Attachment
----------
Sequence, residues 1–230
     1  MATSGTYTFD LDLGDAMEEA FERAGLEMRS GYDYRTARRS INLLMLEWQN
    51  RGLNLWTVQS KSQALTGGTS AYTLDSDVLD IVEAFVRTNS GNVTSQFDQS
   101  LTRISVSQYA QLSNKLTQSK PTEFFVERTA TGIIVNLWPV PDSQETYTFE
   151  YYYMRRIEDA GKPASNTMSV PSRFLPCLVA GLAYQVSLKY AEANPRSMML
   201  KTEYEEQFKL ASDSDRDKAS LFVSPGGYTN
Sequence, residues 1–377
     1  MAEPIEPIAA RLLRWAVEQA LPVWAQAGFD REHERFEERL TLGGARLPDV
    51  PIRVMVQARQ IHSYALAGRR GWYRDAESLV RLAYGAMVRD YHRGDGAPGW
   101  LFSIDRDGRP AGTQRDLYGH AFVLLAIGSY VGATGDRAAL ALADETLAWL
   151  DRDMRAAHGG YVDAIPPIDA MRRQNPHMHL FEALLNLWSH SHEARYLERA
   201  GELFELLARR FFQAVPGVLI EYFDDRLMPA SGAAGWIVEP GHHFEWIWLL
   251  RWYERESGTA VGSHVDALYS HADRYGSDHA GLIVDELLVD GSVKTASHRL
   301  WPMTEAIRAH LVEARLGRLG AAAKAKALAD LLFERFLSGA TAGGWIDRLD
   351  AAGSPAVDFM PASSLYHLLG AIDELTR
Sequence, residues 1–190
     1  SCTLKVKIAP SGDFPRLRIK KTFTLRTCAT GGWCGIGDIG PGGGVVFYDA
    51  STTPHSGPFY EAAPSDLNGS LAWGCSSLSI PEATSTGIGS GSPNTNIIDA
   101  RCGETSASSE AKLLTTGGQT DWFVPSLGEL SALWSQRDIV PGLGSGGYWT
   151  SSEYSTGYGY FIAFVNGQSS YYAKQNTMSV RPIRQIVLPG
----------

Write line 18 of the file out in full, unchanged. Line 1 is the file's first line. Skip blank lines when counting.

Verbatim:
    51  STTPHSGPFY EAAPSDLNGS LAWGCSSLSI PEATSTGIGS GSPNTNIIDA